PCA is necessary to this application because an image of a face with pixel dimensions (W x H) has W*H degrees of freedom (every pixel can vary its color independent of every other). Thus without PCA, for the 400x480 images we used in this project, calculations in 192,000 dimensional space would be required. This, naturally, is computationally unreasonable. By using PCA, this 192,000 dimensional space can be reduced to an arbitrarily small (and therefore much more tractable) coordinate space, with each of the resulting axes expressing the most important aspects of face-ness (thus the term *principal* component analysis).

PCA is done by performing singular value decomposition upon the given data set. This generates a set of three matrices, U, S, and V.

U is an MxK matrix. The columns of U are a list of normalized eigenvalues representing the axes of greatest change, in terms of the 192,000 dimensions of 400x480 image space. Essentially a conversion guide, where each column of the matrix represents one particular eigenvalue's magnitudes in image space.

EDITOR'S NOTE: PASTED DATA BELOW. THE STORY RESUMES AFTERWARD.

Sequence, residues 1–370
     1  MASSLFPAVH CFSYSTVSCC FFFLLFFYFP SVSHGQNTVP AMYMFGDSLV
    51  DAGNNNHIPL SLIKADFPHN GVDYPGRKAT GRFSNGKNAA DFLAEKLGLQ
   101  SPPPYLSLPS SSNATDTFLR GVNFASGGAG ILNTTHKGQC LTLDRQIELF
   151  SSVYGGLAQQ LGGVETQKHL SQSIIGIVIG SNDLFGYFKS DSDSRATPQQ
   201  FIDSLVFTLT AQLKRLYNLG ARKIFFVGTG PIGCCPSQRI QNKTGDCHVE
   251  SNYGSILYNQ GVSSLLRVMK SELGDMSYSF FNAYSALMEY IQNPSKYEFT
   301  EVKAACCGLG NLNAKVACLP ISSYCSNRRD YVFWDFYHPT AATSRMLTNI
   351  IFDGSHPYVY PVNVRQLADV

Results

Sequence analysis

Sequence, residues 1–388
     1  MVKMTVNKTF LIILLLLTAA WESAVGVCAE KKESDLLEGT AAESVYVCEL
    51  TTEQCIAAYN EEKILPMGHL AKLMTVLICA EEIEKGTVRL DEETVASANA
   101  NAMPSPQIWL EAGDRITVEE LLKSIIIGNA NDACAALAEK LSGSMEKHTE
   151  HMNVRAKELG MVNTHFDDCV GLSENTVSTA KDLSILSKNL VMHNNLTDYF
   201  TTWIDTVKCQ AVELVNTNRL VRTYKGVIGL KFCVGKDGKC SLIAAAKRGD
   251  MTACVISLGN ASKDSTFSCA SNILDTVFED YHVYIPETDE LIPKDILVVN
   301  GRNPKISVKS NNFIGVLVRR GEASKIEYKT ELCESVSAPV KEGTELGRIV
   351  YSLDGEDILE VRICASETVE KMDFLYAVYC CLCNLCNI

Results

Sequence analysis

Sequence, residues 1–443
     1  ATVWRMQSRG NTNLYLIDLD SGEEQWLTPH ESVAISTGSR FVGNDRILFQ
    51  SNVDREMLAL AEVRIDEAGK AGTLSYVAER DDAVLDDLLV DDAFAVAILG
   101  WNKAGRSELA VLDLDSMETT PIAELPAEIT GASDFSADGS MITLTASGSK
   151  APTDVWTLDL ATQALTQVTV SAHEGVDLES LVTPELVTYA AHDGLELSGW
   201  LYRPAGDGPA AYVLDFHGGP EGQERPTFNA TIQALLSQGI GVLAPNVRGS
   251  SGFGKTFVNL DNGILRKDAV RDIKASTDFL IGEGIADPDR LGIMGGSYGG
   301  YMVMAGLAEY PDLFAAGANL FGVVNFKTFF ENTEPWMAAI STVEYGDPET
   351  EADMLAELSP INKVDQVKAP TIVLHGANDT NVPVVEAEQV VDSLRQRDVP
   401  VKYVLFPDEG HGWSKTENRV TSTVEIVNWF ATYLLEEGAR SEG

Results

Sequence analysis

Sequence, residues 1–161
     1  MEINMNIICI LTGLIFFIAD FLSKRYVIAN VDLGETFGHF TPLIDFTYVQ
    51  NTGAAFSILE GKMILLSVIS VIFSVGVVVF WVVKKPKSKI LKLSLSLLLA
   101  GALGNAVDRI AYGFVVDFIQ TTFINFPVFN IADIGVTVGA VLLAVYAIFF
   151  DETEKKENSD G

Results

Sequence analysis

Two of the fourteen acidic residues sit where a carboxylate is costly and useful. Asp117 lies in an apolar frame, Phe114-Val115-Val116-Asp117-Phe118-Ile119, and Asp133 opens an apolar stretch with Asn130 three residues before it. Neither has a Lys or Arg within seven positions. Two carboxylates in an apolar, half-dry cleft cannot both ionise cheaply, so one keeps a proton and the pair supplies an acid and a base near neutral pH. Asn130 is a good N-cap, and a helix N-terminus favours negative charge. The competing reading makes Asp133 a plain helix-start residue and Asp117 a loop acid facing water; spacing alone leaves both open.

S is a KxK, diagonal matrix. The values on the diagonals represent the weights for each of the eigenvalues in matrix U. This matrix allows us to rank the eigenvalues in order of importance (a larger weight equals a greater importance).

V is a KxN matrix. The columns of this matrix give the representation of the original 192,000 dimensional image inputs in terms of the new coordinate space of the eigenvalues.

The critical relation between these matrices is shown above:

This allows us to take novel images (expressed in the same 400x480 image space) and manipulate them in our face space. We start with our known image A, and neither U nor S change based upon the given image (so long as the image is in the same image space for which U and S were calculated), thus manipulating an image in our eigen-space is merely a matter of solving for V.

Since U is orthonormal (eigenvalues are orthogonal and the columns of U are normalized), the inverse of U is equal to its transpose. S is square and easily invertable on its own, thus we have our equation for V

Below are the top 15 appearance eigenvalues for our 40 face pool.

Each eigenvalue of this face space represents some aspect of face-ness. Before we move on to make caricatures by magnifying the differences between people and the average face, which involves relative magnification of a person's variance from the average face, we wish to examine exactly what it is some of our facial axes represent. The average face we computed based on our initial 40 faces is shown below. It is both the average shape and color (and has been touched up a bit in Photoshop to remove non-face regions).